notfinished- He hasn't had an assessment actually, but it's interesting that you say that because he was previously at a private nursery one day a week, from 14 months- 2 years 4 months, and when he was about 18 months they asked if they could arrange an assessment because they were concerned about some of the behaviour he was exhibiting- mostly the fact that a lot of his actions were entirely unprovoked, which they said was very unusual and hard to manage as they had to practically have someone with him on a 1-1 basis because they couldn't predict when he would hit/push/throw something. We agreed to an assessment, but they were told that he was too young and that they would need to re-refer when he was older. We deliberately didn't inform the preschool about this because we wanted them to come to their own conclusion, and so far they haven't suggested an assessment, but I guess that doesn't mean that one isn't necessary. You are right, it is very odd behaviour for a child from a loving home. It is possibly a slightly odd home set up, in that my parents live next door, and we have lots of animals (well, I say lots, it's hardly a farm or anything!)- although in isolation I don't think those things are that unusual, certainly not things that would negatively impact his behaviour I wouldn't think? Maybe i'll mention at the meeting tomorrow whether they think an assessment would be appropriate- it can't hurt.

User- While I am sorry that your sister in law is experiencing the same issues, I am glad I am not alone! Although part of me wonders whether I am your sister in law?! I know that the spoiled only child thing is not really good for him unfortunately. I think that some people cope better with being only children than others. My husband is an only child, but he is really calm, placid and incredibly laid back, so even though he was in a similar position to our son growing up, he dealt with it entirely differently- whereas our son laps up the attention and seems to crave more, it's not good!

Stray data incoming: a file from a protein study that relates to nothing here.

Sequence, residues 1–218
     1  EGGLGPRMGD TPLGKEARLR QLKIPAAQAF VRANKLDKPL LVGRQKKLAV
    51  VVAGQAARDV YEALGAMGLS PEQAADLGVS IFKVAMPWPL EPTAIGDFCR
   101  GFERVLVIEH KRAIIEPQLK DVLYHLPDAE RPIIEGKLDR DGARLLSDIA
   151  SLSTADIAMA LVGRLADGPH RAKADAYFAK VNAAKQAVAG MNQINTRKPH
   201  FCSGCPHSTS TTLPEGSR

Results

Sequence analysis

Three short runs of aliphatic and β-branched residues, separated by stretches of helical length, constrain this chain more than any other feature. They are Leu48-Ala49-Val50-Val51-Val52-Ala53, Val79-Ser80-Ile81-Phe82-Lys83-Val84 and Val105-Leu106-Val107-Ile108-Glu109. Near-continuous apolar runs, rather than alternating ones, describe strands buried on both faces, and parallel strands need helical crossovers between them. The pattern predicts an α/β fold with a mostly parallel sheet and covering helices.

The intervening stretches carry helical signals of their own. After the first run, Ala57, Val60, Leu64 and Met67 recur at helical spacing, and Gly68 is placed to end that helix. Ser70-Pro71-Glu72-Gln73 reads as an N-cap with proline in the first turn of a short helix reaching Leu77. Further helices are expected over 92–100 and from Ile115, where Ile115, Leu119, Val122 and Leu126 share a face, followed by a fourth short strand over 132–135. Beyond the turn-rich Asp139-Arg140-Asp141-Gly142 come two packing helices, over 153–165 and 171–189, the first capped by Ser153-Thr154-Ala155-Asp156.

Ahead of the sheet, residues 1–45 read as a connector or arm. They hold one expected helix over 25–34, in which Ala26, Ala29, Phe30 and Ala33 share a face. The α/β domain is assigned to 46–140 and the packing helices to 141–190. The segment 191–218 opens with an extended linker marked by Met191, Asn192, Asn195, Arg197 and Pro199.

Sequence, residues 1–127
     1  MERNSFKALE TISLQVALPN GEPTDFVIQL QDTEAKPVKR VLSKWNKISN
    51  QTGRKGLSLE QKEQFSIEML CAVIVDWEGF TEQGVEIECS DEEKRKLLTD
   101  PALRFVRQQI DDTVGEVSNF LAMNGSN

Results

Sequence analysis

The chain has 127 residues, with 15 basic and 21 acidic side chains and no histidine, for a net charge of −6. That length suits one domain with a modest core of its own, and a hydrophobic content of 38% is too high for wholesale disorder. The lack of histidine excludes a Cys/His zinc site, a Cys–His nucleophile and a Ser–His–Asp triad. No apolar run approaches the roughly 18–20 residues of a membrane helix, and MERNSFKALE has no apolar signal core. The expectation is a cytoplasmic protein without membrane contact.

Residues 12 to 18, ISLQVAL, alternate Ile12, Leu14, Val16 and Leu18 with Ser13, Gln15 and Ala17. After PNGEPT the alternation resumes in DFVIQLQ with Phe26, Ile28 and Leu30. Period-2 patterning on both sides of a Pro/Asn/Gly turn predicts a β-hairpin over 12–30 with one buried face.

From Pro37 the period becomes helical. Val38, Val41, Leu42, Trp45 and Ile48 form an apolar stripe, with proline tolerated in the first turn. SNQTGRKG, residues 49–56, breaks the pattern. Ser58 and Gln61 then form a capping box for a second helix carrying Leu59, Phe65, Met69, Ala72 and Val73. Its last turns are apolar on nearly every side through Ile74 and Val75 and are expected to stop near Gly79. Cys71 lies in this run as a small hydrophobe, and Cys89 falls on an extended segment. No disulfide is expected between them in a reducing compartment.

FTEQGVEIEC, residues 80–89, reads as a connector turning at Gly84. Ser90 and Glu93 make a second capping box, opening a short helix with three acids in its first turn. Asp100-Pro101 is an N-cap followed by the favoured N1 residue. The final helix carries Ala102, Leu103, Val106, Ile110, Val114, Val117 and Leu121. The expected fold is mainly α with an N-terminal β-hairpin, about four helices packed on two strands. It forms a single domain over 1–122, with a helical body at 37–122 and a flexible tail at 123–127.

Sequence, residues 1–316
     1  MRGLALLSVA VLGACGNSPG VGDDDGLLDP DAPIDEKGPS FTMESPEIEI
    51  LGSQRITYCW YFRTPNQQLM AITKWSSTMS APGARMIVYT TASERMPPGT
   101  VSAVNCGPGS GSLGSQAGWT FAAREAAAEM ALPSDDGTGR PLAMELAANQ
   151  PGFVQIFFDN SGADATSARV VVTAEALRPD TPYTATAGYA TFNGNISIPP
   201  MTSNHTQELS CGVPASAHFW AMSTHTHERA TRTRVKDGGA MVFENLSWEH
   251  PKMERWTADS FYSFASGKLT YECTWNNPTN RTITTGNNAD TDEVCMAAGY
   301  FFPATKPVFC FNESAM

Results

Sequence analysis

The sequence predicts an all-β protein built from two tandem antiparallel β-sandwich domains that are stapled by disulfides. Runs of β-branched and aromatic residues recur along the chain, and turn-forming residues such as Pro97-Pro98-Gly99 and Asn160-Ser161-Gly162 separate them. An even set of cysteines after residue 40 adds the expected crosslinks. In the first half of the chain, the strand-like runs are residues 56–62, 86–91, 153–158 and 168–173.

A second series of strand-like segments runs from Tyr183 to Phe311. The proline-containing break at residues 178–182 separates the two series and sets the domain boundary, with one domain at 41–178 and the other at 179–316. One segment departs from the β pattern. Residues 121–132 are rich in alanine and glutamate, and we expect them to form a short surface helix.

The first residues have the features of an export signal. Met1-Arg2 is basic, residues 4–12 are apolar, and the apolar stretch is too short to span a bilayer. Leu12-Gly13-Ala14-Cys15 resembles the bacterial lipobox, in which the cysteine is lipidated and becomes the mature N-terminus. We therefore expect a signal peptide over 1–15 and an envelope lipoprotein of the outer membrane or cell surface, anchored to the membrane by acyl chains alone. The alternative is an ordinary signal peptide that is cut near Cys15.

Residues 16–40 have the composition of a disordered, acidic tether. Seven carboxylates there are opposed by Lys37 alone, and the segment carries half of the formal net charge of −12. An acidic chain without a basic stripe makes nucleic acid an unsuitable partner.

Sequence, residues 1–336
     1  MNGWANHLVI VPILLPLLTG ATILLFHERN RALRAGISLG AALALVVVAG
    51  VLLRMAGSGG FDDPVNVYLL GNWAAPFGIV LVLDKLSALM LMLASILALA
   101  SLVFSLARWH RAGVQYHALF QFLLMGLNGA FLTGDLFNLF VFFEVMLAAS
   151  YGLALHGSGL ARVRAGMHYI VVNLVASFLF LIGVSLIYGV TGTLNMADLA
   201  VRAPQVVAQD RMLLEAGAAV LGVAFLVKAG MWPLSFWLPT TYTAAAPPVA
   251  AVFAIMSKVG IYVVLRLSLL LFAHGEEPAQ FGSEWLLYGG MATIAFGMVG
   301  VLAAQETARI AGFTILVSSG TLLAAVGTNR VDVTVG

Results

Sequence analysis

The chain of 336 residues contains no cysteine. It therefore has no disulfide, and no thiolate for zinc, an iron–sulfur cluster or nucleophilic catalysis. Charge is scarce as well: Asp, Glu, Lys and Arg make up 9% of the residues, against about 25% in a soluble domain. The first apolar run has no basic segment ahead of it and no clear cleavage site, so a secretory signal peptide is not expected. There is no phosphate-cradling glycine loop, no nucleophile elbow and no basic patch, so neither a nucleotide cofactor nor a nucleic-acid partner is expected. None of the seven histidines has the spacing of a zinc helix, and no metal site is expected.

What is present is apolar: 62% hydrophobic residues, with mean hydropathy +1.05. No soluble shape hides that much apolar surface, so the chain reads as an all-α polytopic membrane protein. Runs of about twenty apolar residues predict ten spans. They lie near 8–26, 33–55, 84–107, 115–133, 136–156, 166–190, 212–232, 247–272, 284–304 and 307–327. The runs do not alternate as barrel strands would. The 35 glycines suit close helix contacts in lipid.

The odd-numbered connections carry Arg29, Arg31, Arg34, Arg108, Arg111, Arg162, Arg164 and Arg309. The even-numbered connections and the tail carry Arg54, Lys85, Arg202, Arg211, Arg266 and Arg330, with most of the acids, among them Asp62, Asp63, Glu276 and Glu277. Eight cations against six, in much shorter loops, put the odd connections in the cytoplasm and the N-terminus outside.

frazzlebedazzle Thu 27-Apr-17 06:36:13

'care for him has always been split between five people (including preschool), and I am aware that as much as we try to be vaguely on the same page, we do all have slightly different approaches to how we deal with him, which is not helpful, especially with a child like him.'

This is what stands out to me. I don't think th

cece Thu 27-Apr-17 06:38:50